Saturday, January 24, 2015

Doing one’s bit for the country

(Published today in Business Standard)

I’m terribly confused. In a couple of weeks I have to go and vote in a new government for the city-state of Delhi. Not only did I JUST DO THIS a mere thirteen months ago, but it also made more sense at the time. Since then, the whole political cast has run around the stage switching places and personalities.

As I understand it, the vote-catching face of Narendra Modi, who turned secular left-liberals into sobbing alcoholics by sweeping the BJP to power all over the country, has been ditched and replaced by ex-cop Kiran Bedi, who used to be with India Against Corruption and said she would never join politics, but now thinks that Modi is Helen of Troy and she a little star buzzing around his sun, which makes her sound almost more bonkers than she sounds when she complains that people go on about small-small rapes when there’s so much corruption, which makes you wonder why she left India Against Corruption.

Arvind Kejriwal, who first said he wanted nothing to do with politics and then formed the Aam Aadmi party, massively won an election, and packed up his government in an almighty sulk after 49 days, has now said he is very sorry about that, and is running again under the Twitter hashtag #Mufflerman. The only constant thing about him is his cough.

The TV spokespeople are no better. Shazia Ilmi, who first joined the Aam Aadmi Party and had not one nice thing to say about either the Congress or the BJP, has now joined the BJP, where she says she is very happy, and now has not one nice thing to say about Arvind Kejriwal.

Meanwhile the Congress party’s Ajay Maken…zzzzzzzz…where was I?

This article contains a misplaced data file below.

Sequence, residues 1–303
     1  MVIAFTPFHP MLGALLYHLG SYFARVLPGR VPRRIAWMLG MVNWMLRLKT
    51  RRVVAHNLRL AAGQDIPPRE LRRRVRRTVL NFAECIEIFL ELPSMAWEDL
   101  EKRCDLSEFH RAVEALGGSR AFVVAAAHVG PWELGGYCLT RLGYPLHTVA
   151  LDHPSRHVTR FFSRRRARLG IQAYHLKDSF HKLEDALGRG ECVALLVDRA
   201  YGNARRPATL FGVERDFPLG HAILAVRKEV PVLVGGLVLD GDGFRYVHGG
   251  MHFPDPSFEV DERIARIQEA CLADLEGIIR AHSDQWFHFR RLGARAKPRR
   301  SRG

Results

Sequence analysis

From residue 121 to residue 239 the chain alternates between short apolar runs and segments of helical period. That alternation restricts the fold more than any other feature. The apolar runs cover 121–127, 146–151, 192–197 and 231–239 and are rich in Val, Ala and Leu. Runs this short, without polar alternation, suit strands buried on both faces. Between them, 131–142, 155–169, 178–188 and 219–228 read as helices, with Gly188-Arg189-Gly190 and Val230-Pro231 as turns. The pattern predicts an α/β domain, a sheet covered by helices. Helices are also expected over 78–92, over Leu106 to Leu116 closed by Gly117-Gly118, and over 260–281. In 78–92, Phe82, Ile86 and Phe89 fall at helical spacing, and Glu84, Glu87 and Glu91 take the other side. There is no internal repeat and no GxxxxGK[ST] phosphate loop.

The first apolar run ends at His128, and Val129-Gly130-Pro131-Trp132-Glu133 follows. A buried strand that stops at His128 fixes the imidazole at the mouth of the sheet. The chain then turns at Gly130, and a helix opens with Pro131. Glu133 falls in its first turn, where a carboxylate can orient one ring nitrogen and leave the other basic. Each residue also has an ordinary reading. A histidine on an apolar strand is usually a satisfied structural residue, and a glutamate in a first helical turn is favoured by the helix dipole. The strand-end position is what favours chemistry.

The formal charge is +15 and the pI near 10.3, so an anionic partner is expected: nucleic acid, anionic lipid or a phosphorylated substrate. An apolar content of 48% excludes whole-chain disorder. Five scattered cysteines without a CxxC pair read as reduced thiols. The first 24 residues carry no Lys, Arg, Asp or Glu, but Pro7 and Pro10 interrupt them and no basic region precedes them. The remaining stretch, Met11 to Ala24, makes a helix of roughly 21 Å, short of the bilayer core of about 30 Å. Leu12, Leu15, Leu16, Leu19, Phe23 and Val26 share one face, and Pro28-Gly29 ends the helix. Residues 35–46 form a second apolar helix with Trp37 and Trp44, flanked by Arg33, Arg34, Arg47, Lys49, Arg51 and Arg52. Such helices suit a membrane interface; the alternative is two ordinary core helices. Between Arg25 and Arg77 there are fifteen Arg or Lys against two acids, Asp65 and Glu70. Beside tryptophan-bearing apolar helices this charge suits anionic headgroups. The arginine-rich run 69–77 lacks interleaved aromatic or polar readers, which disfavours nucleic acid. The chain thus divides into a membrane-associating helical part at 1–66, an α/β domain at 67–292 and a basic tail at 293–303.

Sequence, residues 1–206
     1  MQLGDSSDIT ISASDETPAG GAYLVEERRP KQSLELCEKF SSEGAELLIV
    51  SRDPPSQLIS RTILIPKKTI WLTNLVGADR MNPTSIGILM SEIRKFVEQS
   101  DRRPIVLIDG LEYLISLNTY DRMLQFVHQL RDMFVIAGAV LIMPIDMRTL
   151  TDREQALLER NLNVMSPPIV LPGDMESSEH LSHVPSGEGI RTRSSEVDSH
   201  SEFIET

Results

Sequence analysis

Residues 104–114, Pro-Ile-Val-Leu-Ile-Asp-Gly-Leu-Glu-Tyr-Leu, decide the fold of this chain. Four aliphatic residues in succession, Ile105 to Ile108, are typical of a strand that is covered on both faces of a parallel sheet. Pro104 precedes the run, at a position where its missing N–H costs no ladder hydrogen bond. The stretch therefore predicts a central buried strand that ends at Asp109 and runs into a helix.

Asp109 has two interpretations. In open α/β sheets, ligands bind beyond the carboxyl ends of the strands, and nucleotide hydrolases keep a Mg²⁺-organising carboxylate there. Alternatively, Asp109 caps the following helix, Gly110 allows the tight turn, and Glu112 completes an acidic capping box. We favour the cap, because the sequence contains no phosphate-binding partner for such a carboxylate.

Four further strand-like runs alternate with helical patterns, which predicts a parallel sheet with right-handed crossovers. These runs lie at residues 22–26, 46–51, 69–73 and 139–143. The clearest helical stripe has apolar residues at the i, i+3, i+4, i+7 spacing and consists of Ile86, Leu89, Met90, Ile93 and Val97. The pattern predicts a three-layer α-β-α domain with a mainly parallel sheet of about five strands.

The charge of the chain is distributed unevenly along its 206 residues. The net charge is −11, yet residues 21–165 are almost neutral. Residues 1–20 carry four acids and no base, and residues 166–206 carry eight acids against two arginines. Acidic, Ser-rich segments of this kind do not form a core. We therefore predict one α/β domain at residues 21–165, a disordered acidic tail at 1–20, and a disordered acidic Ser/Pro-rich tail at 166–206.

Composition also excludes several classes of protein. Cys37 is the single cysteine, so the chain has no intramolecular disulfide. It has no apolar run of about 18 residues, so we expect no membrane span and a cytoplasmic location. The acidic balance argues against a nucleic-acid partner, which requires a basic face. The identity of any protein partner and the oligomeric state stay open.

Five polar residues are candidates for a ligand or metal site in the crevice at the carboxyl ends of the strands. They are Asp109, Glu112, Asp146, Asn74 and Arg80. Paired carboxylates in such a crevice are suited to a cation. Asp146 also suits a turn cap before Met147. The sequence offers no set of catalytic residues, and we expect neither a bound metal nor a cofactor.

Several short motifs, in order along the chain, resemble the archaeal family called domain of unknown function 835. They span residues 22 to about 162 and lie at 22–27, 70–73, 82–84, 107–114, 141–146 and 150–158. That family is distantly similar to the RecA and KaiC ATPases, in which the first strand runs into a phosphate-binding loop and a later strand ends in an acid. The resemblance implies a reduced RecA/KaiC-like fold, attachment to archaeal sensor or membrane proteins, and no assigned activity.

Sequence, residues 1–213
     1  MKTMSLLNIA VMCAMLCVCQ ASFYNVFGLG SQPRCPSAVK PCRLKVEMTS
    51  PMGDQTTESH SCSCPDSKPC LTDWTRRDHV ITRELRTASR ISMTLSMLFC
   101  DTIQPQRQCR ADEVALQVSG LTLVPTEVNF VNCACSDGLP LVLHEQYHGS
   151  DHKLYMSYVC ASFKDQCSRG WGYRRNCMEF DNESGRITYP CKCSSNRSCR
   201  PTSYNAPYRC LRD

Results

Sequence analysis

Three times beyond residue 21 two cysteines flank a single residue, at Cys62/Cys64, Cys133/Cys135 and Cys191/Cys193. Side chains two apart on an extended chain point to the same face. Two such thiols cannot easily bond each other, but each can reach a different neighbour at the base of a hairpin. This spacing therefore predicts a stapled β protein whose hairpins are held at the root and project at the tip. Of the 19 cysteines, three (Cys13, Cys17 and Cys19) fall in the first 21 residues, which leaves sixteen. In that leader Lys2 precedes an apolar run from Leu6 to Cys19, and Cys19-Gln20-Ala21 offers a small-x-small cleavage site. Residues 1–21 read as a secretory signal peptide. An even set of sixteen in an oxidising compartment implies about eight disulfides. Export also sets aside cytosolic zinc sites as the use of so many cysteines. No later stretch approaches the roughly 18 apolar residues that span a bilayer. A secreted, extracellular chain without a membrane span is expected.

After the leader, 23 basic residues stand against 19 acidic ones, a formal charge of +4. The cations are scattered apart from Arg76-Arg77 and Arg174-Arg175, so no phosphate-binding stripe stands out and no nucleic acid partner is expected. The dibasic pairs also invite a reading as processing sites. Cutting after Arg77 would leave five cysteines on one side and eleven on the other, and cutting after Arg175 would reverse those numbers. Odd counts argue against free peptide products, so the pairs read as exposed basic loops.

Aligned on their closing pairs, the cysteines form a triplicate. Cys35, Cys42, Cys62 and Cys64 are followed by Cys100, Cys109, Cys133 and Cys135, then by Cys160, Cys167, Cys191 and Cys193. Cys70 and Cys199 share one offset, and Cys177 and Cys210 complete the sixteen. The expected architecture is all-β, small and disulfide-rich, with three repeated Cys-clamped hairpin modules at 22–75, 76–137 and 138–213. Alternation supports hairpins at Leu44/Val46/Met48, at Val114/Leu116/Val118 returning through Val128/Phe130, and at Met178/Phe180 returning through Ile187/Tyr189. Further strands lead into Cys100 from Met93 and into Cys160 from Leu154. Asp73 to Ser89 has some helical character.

Another way to understand Delhi’s political fortunes: First the AAP took a big bite out of the Congress. Amazement! Then the BJP was set to take a big bite out of everybody. Sob. Suddenly the AAP looked like it might come back from behind—cheers!—and take a big bite out of the BJP, but then the BJP craftily bit back—burrrrrrn—and then everyone began to bite the AAP—fight, fight!—which then really got into the mood and started backbiting itself—lol. Nobody can figure out what the Bhushans, père et fils, are up to. Everyone is ignoring the Congress, because you have to have teeth to play, but who knows how many canines that lot will grow between now and February?

Nobody in this nightmare has mentioned a single substantive issue I can remember.

I hope somebody will explain all this to poor Barack Obama while he sits captive at this year’s extra-long, extra-show-offy Republic Day Parade. It seems we will have more floats, which is only a tiny bit better than making the same old set of floats go slower. If we’re going to spend the equivalent of some riffraff country’s GDP on security, we might as well extract the maximum bang for our buck.

Speaking of bangs, I don't even know if I'll have time to be an upright citizen and vote, because apparently the growth in India's Muslim population has left us Hindus at a vanishing 80 per cent, so the Vishva Hindu Parishad wants me to be a horizontal citizen and lie with men. It just goes to show that you can eventually find common ground with the unlikeliest people. I look forward to winking at men with trishuls in bars and saying, "Hey baby, wanna take ten for the team?" I might be atheist, secular, childless and on the brink of menopause, but I do find working on having children to be lots of fun, especially if there's no risk of actually having children as a result.

Maybe they’ll give me that new national honour, the Padma Shri Shri Baba Maharaj Award, for effort.

Six gods walk into a bar

(Published in Business Standard on January 10, 2015)

Q: Where do Yahweh, Jesus, Allah, and Brahma-Vishnu-Shiva go to try to forget about their stupidest followers?